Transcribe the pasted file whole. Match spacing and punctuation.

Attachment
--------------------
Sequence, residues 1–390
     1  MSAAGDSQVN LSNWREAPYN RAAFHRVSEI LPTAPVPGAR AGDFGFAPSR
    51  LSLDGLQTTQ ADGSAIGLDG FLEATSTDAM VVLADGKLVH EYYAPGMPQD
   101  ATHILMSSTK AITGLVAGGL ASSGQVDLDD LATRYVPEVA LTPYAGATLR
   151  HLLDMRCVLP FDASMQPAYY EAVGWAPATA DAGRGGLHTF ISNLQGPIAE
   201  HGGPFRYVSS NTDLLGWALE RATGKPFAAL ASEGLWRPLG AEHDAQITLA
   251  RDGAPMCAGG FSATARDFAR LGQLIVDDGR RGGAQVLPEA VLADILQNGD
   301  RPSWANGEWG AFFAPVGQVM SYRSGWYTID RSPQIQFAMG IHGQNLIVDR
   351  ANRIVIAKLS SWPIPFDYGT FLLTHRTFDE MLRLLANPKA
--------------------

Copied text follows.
Sequence, residues 1–390
     1  MSAAGDSQVN LSNWREAPYN RAAFHRVSEI LPTAPVPGAR AGDFGFAPSR
    51  LSLDGLQTTQ ADGSAIGLDG FLEATSTDAM VVLADGKLVH EYYAPGMPQD
   101  ATHILMSSTK AITGLVAGGL ASSGQVDLDD LATRYVPEVA LTPYAGATLR
   151  HLLDMRCVLP FDASMQPAYY EAVGWAPATA DAGRGGLHTF ISNLQGPIAE
   201  HGGPFRYVSS NTDLLGWALE RATGKPFAAL ASEGLWRPLG AEHDAQITLA
   251  RDGAPMCAGG FSATARDFAR LGQLIVDDGR RGGAQVLPEA VLADILQNGD
   301  RPSWANGEWG AFFAPVGQVM SYRSGWYTID RSPQIQFAMG IHGQNLIVDR
   351  ANRIVIAKLS SWPIPFDYGT FLLTHRTFDE MLRLLANPKA